Year 3 Welsh Teacher vacancy in Penarth

    £110 - £120 per day + Travel Scheme and Free training: Randstad Education Card...

    Senior Developer - HTML, CSS, PHP, JavaScript, VBA, SQL

    £30000 - £35000 per annum + benefits: Ashdown Group: We are working with one o...

    Day In a Page

    Save the tiger: The animals bred for bones on China’s tiger farms

    The animals bred for bones on China’s tiger farms

    The big cats kept in captivity to perform for paying audiences and then, when dead, their bodies used to fortify wine
    A former custard factory, a Midlands bog and a Leeds cemetery all included in top 50 hidden spots in the UK

    A former custard factory, a Midlands bog and a Leeds cemetery

    Introducing the top 50 hidden spots in Britain
    Ebola epidemic: Plagued by fear

    Ebola epidemic: Plagued by fear

    How a disease that has claimed fewer than 2,000 victims in its history has earned a place in the darkest corner of the public's imagination
    Chris Pratt: From 'Parks and Recreation' to 'Guardians of the Galaxy'

    From 'Parks and Recreation' to 'Guardians of the Galaxy'

    He was homeless in Hawaii when he got his big break. Now the comic actor Chris Pratt is Hollywood's new favourite action star
    How live cinema screenings can boost arts audiences

    How live cinema screenings can boost arts audiences

    Broadcasting plays and exhibitions to cinemas is a sure-fire box office smash
    Shipping container hotels: Pop-up hotels filling a niche

    Pop-up hotels filling a niche

    Spending the night in a shipping container doesn't sound appealing, but these mobile crash pads are popping up at the summer's biggest events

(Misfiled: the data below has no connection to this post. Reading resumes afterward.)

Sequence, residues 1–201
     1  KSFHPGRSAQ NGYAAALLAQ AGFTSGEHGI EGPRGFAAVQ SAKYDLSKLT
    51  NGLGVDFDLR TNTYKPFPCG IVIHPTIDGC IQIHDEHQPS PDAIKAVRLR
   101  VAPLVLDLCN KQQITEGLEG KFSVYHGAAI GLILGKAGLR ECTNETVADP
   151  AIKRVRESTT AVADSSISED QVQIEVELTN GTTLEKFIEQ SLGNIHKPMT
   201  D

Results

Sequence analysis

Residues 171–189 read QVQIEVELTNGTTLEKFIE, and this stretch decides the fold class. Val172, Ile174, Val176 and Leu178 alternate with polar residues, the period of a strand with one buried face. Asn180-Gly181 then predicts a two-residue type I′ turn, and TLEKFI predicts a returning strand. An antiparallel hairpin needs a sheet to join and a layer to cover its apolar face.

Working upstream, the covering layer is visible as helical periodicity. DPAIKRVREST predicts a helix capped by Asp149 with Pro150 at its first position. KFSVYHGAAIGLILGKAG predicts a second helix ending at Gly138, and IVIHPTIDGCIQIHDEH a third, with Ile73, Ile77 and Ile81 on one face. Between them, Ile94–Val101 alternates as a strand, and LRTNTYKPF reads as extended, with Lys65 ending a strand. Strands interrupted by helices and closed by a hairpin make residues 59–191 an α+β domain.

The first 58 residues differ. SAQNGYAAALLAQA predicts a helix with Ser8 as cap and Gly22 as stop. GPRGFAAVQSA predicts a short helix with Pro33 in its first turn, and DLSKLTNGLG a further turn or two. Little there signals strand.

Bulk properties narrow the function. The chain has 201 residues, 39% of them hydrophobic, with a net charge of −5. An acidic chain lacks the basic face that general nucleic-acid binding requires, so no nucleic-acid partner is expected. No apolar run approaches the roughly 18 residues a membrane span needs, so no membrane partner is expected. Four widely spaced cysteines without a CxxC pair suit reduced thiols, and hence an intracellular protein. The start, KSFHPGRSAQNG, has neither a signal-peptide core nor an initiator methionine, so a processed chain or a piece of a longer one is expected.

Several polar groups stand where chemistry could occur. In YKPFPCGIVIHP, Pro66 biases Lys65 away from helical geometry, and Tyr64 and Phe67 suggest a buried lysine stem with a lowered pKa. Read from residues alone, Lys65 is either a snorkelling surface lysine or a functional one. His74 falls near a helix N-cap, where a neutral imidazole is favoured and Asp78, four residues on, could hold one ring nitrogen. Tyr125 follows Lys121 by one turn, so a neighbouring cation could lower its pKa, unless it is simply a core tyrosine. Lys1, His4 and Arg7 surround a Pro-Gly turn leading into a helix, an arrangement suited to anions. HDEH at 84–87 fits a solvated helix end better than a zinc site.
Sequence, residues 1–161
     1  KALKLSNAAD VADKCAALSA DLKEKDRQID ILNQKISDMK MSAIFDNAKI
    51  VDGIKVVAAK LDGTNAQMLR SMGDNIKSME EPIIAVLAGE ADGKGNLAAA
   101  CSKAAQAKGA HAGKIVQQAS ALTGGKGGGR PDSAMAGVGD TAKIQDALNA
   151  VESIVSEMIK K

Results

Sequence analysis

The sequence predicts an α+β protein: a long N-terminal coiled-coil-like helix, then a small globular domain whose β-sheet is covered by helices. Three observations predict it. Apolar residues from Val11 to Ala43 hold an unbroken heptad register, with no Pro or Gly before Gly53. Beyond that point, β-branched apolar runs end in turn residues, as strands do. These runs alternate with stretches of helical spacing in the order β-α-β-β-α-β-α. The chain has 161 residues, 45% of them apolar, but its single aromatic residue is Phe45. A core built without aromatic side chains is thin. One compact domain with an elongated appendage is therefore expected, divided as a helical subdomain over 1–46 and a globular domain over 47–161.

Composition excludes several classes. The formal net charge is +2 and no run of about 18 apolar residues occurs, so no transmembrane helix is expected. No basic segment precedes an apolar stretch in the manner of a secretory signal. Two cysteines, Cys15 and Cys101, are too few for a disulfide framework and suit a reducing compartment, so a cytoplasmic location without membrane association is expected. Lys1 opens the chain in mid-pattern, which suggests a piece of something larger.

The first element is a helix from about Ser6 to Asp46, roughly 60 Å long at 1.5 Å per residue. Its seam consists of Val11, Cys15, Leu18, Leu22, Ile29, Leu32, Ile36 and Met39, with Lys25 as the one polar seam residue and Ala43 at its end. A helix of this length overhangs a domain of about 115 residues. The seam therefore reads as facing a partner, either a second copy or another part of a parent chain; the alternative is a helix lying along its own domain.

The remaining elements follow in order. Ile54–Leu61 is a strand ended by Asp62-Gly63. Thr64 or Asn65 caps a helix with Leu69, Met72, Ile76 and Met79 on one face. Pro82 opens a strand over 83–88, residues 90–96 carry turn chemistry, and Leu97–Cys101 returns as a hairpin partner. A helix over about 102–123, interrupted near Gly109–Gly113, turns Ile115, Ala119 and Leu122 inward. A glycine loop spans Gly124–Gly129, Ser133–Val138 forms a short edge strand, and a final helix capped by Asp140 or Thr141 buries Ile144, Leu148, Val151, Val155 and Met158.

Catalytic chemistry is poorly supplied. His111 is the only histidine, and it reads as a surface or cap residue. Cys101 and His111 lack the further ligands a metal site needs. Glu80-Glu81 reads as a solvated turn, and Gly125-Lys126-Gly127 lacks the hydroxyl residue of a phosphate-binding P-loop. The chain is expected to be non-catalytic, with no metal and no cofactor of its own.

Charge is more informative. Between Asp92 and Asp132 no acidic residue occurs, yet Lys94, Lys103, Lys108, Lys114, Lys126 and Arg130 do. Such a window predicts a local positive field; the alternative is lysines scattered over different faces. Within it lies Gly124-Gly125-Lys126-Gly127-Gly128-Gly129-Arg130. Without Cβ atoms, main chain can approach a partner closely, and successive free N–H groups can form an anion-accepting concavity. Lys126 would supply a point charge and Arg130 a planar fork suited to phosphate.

Native American headdresses are not fashion accessories

    Feather dust-up

    A Canadian festival has banned Native American headwear. Haven't we been here before?
    Boris Johnson's war on diesel

    Boris Johnson's war on diesel

    11m cars here run on diesel. It's seen as a greener alternative to unleaded petrol. So why is London's mayor on a crusade against the black pump?
    5 best waterproof cameras

    Splash and flash: 5 best waterproof cameras

    Don't let water stop you taking snaps with one of these machines that will take you from the sand to meters deep
    Louis van Gaal interview: Manchester United manager discusses tactics and rebuilding after the David Moyes era

    Louis van Gaal interview

    Manchester United manager discusses tactics and rebuilding after the David Moyes era
    Will Gore: The goodwill shown by fans towards Alastair Cook will evaporate rapidly if India win the series

    Will Gore: Outside Edge

    The goodwill shown by fans towards Alastair Cook will evaporate rapidly if India win the series
    The children were playing in the street with toy guns. The air strikes were tragically real

    The air strikes were tragically real

    The children were playing in the street with toy guns
    Boozy, ignorant, intolerant, but very polite – The British, as others see us

    Britain as others see us

    Boozy, ignorant, intolerant, but very polite
    How did our legends really begin?

    How did our legends really begin?

    Applying the theory of evolution to the world's many mythologies
    Watch out: Lambrusco is back on the menu

    Lambrusco is back on the menu

    Naff Seventies corner-shop staple is this year's Aperol Spritz